A non-Handwritten will can be digital or printed, but has technical witness requirements that vary depending on where you live.

Do-it-yourself wills may seem like a good deal, but the risks can outweigh the benefits. Issues that seem minor, such as the wrong choice of wording, or a failure to stick to exact legal processes and signature requirements can derail the best-laid plans.

Hiring a lawyer to write your will

Hiring an experienced lawyer or notary for your estate planning doesn’t have to cost a lot and is a positive investment in your estate’s legacy.

A lawyer can be especially helpful if you have a large or complicated estate, are divorced or have a blended family, or want to include custom clauses that reflect your specific circumstance. Their expertise can help ensure your will is compliant and legally binding, and may also be able to help lower your loved ones’ tax burden on your state.

Of course, a will is only part of the plans you can make to help ensure your loved ones are protected once you’re gone. Making sure you have life insurance in place, as well as segregated funds and well as registered plans with up-to-date beneficiaries can also help ease the financial burden on your family.

What's next?

  • While there’s no legal requirement to create a will in Canada, it’s key to remember that doing so can help the loved ones you leave behind have a clear understanding of your wishes.
  • Remember your should be regularly updated, especially any time you make a big life decision such as getting marriedOpens in a new window or welcoming a baby. Opens in a new window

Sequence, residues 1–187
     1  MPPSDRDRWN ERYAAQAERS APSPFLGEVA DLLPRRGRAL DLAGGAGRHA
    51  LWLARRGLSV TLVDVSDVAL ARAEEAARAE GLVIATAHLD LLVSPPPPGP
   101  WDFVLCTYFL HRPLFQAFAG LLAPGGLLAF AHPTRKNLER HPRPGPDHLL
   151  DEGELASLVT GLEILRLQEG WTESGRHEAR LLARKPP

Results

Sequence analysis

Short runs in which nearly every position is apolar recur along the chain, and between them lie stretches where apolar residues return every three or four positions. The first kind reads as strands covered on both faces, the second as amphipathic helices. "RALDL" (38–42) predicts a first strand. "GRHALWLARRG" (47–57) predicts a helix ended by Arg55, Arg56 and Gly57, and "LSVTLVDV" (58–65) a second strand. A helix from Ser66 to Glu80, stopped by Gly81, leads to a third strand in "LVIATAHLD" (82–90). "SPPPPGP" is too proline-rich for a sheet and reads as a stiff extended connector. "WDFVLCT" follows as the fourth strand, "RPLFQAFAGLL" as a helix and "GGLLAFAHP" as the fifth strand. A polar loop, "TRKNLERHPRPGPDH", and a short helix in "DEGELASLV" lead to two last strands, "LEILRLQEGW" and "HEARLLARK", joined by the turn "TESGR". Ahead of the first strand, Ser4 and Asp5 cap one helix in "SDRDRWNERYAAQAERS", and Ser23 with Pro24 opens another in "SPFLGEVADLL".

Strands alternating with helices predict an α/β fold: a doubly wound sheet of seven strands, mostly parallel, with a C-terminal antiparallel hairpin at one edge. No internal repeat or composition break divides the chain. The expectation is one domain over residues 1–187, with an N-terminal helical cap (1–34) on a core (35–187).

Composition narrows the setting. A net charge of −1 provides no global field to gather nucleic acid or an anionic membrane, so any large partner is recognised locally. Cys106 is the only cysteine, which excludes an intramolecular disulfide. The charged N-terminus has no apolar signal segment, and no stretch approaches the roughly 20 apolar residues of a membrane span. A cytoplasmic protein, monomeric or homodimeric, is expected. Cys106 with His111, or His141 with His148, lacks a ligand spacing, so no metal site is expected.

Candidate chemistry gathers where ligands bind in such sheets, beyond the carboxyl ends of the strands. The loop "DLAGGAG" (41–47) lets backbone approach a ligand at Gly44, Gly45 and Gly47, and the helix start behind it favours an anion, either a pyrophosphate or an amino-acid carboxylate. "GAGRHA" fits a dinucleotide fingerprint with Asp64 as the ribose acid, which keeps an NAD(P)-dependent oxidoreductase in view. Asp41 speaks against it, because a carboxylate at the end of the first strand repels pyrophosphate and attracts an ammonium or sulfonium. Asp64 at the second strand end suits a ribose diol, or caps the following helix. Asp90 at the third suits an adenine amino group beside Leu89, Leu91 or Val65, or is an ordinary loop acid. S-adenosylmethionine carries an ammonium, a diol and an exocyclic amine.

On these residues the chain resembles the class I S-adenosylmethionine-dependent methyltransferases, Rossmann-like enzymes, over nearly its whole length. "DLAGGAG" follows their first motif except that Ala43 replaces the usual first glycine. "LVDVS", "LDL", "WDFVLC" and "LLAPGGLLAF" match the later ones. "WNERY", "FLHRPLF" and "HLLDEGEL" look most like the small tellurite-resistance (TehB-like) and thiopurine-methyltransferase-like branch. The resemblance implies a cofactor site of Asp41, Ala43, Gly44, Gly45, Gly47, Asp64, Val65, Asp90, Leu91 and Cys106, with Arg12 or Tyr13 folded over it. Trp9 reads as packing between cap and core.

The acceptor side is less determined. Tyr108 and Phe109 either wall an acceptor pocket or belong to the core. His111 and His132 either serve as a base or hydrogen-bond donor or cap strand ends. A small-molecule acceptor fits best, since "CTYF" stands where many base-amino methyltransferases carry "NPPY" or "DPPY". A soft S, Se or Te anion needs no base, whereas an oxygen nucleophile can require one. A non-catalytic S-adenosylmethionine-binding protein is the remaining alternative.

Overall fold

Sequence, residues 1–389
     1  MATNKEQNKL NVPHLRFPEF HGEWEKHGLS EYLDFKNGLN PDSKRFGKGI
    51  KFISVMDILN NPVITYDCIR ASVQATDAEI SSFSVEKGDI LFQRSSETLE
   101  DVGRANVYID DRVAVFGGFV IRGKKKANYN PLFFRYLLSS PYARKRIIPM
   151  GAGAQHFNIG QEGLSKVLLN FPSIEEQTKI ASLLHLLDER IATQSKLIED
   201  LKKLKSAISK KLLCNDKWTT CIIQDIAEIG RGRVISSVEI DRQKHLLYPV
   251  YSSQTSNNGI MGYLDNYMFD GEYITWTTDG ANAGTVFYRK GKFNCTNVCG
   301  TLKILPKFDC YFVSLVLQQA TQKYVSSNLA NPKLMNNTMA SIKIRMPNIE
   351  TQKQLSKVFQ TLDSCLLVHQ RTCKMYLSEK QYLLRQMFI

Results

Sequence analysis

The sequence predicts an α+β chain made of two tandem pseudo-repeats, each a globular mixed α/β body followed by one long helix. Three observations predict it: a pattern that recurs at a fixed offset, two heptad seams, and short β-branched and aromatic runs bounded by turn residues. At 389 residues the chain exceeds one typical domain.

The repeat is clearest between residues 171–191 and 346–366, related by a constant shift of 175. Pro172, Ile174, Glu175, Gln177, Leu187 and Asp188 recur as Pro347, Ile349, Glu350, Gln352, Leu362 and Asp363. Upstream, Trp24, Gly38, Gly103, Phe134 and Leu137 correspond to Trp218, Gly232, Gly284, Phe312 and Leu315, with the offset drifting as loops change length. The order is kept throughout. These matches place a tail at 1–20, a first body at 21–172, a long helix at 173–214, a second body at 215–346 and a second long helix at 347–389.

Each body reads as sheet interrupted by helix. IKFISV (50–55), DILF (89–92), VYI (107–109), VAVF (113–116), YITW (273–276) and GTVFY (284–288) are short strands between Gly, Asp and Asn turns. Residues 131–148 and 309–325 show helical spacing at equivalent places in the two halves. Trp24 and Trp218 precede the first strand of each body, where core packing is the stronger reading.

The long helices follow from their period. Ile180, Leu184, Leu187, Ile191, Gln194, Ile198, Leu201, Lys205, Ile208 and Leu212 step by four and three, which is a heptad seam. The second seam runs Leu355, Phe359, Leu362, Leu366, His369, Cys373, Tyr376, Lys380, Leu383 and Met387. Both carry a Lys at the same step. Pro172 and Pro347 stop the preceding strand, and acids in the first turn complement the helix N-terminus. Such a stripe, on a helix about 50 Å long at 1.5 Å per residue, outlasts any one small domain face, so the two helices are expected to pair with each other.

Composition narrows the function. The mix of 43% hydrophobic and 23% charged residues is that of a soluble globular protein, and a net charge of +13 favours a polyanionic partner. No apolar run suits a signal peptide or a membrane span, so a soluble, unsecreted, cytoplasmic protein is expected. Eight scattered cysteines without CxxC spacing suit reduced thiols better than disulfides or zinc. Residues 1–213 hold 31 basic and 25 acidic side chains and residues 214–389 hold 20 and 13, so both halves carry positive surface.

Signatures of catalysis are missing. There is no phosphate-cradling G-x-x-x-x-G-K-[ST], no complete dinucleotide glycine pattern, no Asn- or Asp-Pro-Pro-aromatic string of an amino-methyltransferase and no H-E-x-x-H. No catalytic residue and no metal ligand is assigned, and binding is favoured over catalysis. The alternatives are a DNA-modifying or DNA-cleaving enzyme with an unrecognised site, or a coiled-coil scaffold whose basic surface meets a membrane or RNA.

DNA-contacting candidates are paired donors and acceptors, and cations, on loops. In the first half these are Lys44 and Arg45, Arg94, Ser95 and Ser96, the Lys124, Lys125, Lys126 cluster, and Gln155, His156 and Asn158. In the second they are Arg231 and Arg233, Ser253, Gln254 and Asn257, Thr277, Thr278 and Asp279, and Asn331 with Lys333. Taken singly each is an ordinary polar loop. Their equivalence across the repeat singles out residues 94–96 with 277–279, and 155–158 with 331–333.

• A will is the most well-known part of an estate plan, but it’s just 1 piece. Your advisor, lawyer, notary, or tax professional can help you build a complete plan.
  • If you’re the executor of a will, learn more about how Estate at Ease™ can help.Opens in a new window

This material is for information purposes only and shouldn’t be construed as providing legal or tax advice. Every effort has been made to ensure its accuracy, but errors and omissions are possible. All comments related to taxation are general in nature and are based on current Canadian tax legislation and interpretations for Canadian residents, which are subject to change. For individual circumstances, consult with your tax, legal or accounting professionals. This information is provided by The Canada Life Assurance Company and is current as of date of publication.